Russia's Unique 110-Year-Old Ship, Kommuna
Naval Auxiliaries are generally overlooked by casual observers, but in wartime they suddenly come into focus. Among them, salvage ships are so obscure that they are often forgotten in popular fleet lists(!). But it depends what needs salvaging! Think Glomar Explorer. Think... the Russian Navy's Kommuna.
The vintage rescue ship Kommuna has a long and at times distinguished career. Now 110 years old, she finds herself in active duty in the Russian-Ukraine war. Whether you see her as an elegant old lady, or an out of date accident waiting to happen, she is certainly one of the more interesting ships afloat today.
And she has been active in the war. She has been observed off the Crimean coast working with other naval vessels.
It seems likely that any salvage attempts on the wreck of the cruiser Moskva will involve her. Although at the time of writing the fog of war is literal as well as figurative, and there is no certainty.
Kommuna seen in Sevastopol, February 2022. Note the red and white Project 1855 Priz class DSRV.
Displacement: 3,100t fully loaded
Length: 96 m (315 ft)
Beam: 18.57 m (60 ft )
Draught: 3.65 m (12 ft)
Propulsion: 2 × 600 hp (447 kW) Felser 6-cylinder diesel engines
Submersibles: 1 x Project 1855 Priz class DSRV
Unique History Of Kommuna
She was originally laid down in Saint Petersburg as Volkhov in 1912. Like a few other similar designs from the time her mission was to rescue stricken submarines. She did this at least twice in 1917, lifting sunken Russian boats. She also served as a submarine tender between rescues and salvages.
In design terms she lent heavily on the German rescue ship SMS Vulkan. She had two lifting frames between catamaran hulls so that a submarine or other objects could be lifted into it. The ends of the ship were joined to create a moon-pool affect.
Compared to Vulkan, the Russian Ship was not I only longer and had a much greater displacement. It also had a more extensive lifting rig.
Although catamaran salvage and rescue vessels are unusual, and Kommuna is unique today, thhere ave been others. The Imperial German Navy's SMS Vulkan was the inspiration, and the U.S. Navy's USS Pigeon (ASR-21) is also similar. The idea of a gantry crane lifting between catamaran hulls is inherently sensible.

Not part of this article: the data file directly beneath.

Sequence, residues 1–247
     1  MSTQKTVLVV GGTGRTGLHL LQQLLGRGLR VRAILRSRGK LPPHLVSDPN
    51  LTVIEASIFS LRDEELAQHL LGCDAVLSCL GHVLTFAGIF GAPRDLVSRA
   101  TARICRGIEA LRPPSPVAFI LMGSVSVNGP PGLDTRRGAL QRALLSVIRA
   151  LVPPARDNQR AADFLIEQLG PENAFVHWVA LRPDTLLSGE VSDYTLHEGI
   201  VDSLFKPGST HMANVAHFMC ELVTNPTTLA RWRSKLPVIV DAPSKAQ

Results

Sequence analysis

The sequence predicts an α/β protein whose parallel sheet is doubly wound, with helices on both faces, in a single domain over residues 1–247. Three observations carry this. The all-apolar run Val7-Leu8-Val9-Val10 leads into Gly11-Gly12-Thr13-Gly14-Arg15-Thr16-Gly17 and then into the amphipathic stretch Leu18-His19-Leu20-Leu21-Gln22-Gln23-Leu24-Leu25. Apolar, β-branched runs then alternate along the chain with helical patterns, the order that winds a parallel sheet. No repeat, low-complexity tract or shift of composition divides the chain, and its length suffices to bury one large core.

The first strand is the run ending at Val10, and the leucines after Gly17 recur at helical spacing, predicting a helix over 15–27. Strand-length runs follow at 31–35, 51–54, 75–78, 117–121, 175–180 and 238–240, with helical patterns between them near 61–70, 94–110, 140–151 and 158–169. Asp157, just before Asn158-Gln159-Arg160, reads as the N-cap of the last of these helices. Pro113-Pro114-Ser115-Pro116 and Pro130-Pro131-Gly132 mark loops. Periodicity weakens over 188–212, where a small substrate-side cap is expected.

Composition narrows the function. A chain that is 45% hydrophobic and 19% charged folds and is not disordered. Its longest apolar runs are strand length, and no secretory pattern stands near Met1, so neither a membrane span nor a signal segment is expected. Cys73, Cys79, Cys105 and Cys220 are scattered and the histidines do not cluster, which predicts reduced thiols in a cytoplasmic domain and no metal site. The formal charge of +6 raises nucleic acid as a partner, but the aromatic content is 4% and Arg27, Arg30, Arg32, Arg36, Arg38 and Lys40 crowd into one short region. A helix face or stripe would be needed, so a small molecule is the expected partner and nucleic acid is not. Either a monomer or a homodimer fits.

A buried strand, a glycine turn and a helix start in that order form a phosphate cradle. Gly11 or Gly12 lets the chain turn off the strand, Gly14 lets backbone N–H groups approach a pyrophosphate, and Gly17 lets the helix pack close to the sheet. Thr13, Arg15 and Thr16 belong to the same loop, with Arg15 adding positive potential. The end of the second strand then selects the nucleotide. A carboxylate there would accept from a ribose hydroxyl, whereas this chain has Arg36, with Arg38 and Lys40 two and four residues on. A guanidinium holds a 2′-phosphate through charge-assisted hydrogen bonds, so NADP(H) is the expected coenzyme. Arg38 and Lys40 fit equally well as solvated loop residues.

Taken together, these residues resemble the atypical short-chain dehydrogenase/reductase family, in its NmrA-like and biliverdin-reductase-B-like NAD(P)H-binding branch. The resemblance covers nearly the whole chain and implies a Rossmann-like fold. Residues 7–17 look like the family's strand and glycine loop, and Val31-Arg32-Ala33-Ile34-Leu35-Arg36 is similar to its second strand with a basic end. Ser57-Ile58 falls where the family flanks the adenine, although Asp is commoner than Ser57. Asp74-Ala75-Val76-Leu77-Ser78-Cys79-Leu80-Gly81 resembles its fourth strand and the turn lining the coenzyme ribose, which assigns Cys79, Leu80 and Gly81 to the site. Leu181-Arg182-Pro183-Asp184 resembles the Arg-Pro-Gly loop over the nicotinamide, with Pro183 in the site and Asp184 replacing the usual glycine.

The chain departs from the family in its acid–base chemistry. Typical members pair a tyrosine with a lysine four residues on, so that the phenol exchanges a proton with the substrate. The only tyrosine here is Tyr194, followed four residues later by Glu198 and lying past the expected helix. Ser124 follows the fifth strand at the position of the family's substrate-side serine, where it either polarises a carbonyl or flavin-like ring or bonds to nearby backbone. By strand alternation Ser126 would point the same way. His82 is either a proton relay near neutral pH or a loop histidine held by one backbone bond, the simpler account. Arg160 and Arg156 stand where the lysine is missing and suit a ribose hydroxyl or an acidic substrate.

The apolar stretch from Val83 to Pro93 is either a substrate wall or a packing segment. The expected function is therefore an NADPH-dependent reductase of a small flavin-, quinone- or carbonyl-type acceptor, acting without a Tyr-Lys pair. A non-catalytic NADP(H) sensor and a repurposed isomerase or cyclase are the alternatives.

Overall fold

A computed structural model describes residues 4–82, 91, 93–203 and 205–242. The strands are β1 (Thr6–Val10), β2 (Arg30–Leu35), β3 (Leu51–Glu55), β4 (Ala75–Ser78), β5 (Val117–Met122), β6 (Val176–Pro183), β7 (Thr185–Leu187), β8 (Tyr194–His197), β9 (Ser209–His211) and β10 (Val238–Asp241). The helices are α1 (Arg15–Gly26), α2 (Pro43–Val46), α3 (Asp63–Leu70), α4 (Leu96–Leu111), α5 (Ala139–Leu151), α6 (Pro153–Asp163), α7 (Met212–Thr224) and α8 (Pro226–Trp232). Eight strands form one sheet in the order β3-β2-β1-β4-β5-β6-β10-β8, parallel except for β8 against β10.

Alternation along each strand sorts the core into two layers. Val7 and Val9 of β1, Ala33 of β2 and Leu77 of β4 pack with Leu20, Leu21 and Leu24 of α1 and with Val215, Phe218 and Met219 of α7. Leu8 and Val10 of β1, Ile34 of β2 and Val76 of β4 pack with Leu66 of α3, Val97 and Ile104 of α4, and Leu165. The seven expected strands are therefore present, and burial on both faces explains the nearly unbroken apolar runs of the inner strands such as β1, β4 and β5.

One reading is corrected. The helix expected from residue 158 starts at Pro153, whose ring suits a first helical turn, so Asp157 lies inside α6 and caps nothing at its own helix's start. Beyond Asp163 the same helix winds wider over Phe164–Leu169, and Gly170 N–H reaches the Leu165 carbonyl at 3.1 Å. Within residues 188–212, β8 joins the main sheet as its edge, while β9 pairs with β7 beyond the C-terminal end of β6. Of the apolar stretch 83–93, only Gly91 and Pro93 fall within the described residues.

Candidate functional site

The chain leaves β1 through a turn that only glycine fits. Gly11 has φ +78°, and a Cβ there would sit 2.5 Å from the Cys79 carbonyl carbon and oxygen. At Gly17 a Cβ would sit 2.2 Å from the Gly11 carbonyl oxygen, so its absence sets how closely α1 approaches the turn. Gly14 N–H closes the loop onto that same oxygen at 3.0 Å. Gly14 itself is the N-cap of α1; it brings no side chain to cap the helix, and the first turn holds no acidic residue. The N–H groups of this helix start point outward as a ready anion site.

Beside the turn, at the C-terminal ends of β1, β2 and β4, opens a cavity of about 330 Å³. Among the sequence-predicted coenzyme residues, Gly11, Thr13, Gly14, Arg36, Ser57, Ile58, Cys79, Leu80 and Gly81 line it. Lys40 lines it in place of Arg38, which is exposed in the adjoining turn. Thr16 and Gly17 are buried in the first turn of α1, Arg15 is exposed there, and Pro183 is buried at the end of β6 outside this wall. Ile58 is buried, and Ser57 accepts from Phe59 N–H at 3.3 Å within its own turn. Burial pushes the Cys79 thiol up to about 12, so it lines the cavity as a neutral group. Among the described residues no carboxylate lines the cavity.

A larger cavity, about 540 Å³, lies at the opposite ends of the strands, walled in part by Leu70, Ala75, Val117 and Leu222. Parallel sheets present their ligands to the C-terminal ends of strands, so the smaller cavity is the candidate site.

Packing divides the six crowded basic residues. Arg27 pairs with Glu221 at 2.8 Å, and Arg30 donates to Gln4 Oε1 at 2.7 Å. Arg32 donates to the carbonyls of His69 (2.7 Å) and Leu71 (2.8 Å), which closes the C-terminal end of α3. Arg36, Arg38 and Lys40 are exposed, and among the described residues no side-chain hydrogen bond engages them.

SMS Vulkan, left. USS Pigeon, right. U.S. Navy images
After the communist revolution of 1917 she found herself in the fledgling Soviet Navy. Renamed Kommuna (meaning commune) she continued to serve in the Baltic.
During World War Two she served in the siege of Leningrad (as Saint Petersburg had been renamed). She was used to salvage valuable tanks and vehicles which had fallen through ice. She was also valuable as a submarine tender.
Today she has moved from the Baltic to the Black Sea. In the meantime she has received major enhancements to get capabilities, although her main structure remains almost unchanged. She now acts as a host ship for deep-diving submersibles and ROVs (Remote operated vehicles).
In 1974 she was modernized to act as a DSRV (Deep Submergence rescue Vehicle) mother ship. For this she was equipped with a first-generation Project 1837 submersible. This 45 ton boat could dive to 500 meters and rescue up to 20 submariners at a time.
Kommuna can carry a minisubmarine. Left, the original Project 1855 Priz class DSRV, right the current Project 1855 Priz class DSRV.
Since the Pr.1837 submersible has been retired, she has been equipped with the Project 1855 Priz class DSRV, AS-28. This has generally similar performance except that it can dive to twice the depth. It is equipped with two manipulator arms to allow it to perform other tasks on the sea floor.
Remote operated vehicles (ROVs) can also be carried.
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